News and views from the award-winning author of the novels The Skinny Years, America Libre, House Divided and Pancho Land

Monday, September 1, 2008

Make sure Palin knows how to spell “potato”

By now the McCain team undoubtedly has Sarah Palin on a crash course in a number of subjects: national security, international relations, politics inside the Beltway, handling the national media, and a host of other areas where her skimpy resume needs bolstering. Given the dim bulb performance of Dan Quayle, another obscure vice-presidential nominee selected by the elder George Bush during the 1988 campaign, the McCain handlers might also want to make sure Palin knows how to spell “potato.”

Quayle and Palin share a lot of traits: both were virtual unknowns on the national scene when selected as running mates, both were better-than-average in appearance, and both brought hard-line conservative credentials the head of the Republican ticket lacked.

Quayle’s frequent gaffes during the 1998 campaign soon relegated him to nightly fodder for late-night talk show monologues. The ridicule continued throughout his term as vice president, culminating in a career-defining moment in 1992 when Quayle corrected a grade school student during a spelling bee, insisting the proper spelling for the source of french fries was “potatoe.” The incident permanently cemented Quayle’s reputation as an intellectual lightweight. The defeat in 1992 of the Bush/Quayle ticket by Clinton/Gore ended Dan Quayle’s short-lived tenure in the national spotlight.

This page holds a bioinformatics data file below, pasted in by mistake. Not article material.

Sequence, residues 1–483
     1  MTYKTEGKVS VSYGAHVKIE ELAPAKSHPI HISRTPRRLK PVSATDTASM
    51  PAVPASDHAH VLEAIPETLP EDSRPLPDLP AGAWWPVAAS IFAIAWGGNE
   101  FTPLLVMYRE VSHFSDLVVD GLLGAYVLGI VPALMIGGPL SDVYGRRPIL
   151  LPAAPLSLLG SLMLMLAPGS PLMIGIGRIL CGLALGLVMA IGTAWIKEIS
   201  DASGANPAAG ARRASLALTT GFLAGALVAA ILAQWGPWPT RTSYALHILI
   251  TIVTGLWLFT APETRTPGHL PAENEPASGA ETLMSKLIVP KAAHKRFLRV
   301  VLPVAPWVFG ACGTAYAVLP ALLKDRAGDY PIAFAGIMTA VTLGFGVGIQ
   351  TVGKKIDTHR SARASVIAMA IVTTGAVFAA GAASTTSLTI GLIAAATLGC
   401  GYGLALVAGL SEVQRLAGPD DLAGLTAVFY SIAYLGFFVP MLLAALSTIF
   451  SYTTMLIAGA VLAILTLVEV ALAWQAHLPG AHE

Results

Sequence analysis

Thankfully for the United States, George H.W. Bush survived his one and only term in the White House. It is frightening to consider what the world would be like today had Dan Quayle become president. Even more alarming is that John McCain is eight years older than the senior Bush was during the 1988 election. So the specter of an untested novice becoming commander-in-chief is chillingly real.

If John McCain wins the election, every American should pray daily for his health.

Raul Ramos y Sanchez